"The Sire" by Orren Mixer
Foaled in Kentucky, a descendent of the great Sir Archy, a horse named Steel Dust came to Texas as a yearling in 1844. The name Steel Dust came to identify an entire breed of horse; they were called “Steeldusts,” the cowboy’s favorite kind. They were heavy-muscled horses, marked with small ears, a big jaw, remarkable intelligence and lightning speed up to a quarter of a mile. Steel Dust became one of the founding sires of the American Quarter Horse.
The origins of the Quarter Horse can be traced to early Colonial America. Even hundreds of years ago, it was human nature to enjoy a horse race. In the beginning, they ran the English horses with which they plowed and rode every day.
It wasn’t long before the Colonial farmers down in the Carolinas and Virginia began to trade for a faster horse that was being bred by the Chickasaw Nation. These quick ponies were descendants of horses brought into Florida by the Spanish. This was a type of horse produced from the cross of the North African Barb and native Spanish stock following the Moorish invasion of Spain, which began in the year 710.
There is evidence that the horses obtained from the Chickasaws were crossed with the Colonists’ English stock as early as 1611. Over the next 150 years, the product of this breeding would come to be known as the “Celebrated American Quarter Running Horse.” The term “Quarter” refers to the distance - a quarter of a mile - most commonly run in Colonial racing, often on the main streets of small villages.
While Thoroughbred blood fell into favor across the Atlantic seaboard, the short horses echoed a pioneer experience. They were quick, tough and hardy – they could carry a man about his business all week long and then race hard on the weekend. Quarter Horses moved with their owners to the Midwest, Texas, and out onto the Great Plains.
One other great stallion put his stamp on the Quarter Horse during this period. His name was Sir Archy, sired by the imported stallion Diomed, and foaled in 1805. Sir Archy’s sons and daughters would be the most important influences in the development of Quarter Horses during the next half century. One of Sir Archy’s sons was the great Copper Bottom, brought to Texas in 1839 by General Sam Houston. Both Steel Dust and Shiloh, foundation stallions of the modern Quarter Horse, trace back to Sir Archy. Two other stallions which would contribute to the short-horse bloodlines around this same time were Printer and Tiger.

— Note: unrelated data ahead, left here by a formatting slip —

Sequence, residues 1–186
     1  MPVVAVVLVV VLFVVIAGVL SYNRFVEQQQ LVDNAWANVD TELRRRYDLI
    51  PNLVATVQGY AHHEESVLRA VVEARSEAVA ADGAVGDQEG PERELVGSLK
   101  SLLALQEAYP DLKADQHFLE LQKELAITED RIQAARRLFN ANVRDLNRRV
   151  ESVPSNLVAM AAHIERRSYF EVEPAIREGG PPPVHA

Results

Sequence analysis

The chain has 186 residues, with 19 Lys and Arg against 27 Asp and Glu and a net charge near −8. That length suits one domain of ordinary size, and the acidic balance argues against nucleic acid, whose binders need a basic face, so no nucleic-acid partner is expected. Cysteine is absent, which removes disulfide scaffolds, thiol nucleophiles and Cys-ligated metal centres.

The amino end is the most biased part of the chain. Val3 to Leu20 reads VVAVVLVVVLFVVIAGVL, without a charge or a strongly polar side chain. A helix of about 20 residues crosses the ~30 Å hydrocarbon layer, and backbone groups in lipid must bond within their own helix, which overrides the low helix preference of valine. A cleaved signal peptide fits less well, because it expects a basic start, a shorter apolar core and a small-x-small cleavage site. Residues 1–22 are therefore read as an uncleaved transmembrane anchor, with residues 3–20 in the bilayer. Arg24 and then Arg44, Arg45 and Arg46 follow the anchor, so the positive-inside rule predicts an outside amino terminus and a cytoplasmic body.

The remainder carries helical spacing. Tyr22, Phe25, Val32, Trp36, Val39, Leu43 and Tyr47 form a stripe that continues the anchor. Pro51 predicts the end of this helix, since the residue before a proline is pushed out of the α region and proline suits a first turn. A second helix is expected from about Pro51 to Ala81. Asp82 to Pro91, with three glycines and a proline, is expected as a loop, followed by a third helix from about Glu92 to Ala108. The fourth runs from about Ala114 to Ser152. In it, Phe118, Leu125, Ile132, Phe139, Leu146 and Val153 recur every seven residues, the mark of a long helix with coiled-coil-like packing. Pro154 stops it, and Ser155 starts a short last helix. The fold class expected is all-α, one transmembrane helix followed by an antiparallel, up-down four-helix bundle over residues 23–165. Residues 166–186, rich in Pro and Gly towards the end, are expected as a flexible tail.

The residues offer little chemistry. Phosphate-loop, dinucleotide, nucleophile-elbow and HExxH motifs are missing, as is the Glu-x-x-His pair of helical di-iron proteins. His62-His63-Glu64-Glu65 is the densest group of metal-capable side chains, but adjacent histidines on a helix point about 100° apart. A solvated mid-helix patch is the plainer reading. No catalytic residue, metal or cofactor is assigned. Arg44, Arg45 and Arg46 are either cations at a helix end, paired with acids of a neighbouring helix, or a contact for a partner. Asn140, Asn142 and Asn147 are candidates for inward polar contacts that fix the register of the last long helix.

The final ingredient in the genetic formula that produced the Quarter Horse was to be found west of the Mississippi River: the Mustang. These wild horses added the last important shot of hybrid vigor to complete the creation of a horse unique to America: the American Quarter Horse.
As the cattle range industry grew in prominence, good horses were as important to a successful ranch operation as water and grass. Quarter Horses could do the job, and they bred true. These race and ranch roots provided the foundations upon which the American Quarter Horse stands.
The breed's official governing body, the American Quarter Horse Association, was founded in 1940 and is based in Amarillo, TX.
The American Quarter Horse has unique features that make it specially suited for a variety of tasks.
Quarter Horses are heavily-muscled and compact, and are bred to run a short distance over a straightaway faster than any other horse. A good Quarter Horse should feature a broad chest and rounded hindquarters. Depending on a specific horse's intended use, their size and body type can vary greatly. Usually standing 14-16 hands tall, some horses can reach 17 hands and beyond.
There are 17 recognized colors of American Quarter Horses, including the most prominent color of sorrel (brownish-red/chesnut). The others are bay, black, brown, buckskin, chestnut, dun, red dun, gray, grullo, palomino, red roan, blue roan, bay roan, perlino and cremello. White spotting is discouraged, but horses may be registered if they are verified with DNA testing.
"Appendix" Quarter Horses are horses that are the result of a cross between a registered Quarter Horse and a registered Thoroughbred. These horses are especially favored in modern racing and English events. Other Quarter Horse breeders focus on preserving the "Foundation" type - horses that closely resemble the earliest Quarter Horses such as Steel Dust in their build.
Today, the Quarter Horse is now the most popular breed in the United States, with thousands of new horses registered with the AQHA each year. In 2020, the association registered its 6 millionth horse. It's no question why Quarter Horses are so popular - they are reliable, hardy, and versatile, ready to excel at whatever challenge they are given. Today you can find Quarter Horses in every riding style and discipline, from the ranch work they were originally prized for to elegant hunter-over-fences and dressage competitions, and even in harness. Their original racing roots still hold to this day as well - although Quarter Horse races may not be as prominent as those for Thoroughbreds, the AQHA continues to nurture this iconic sport that gave the breed its name.
For additional information, contact:
American Quarter Horse Association
1600 Quarter Horse Drive
Amarillo, TX 79104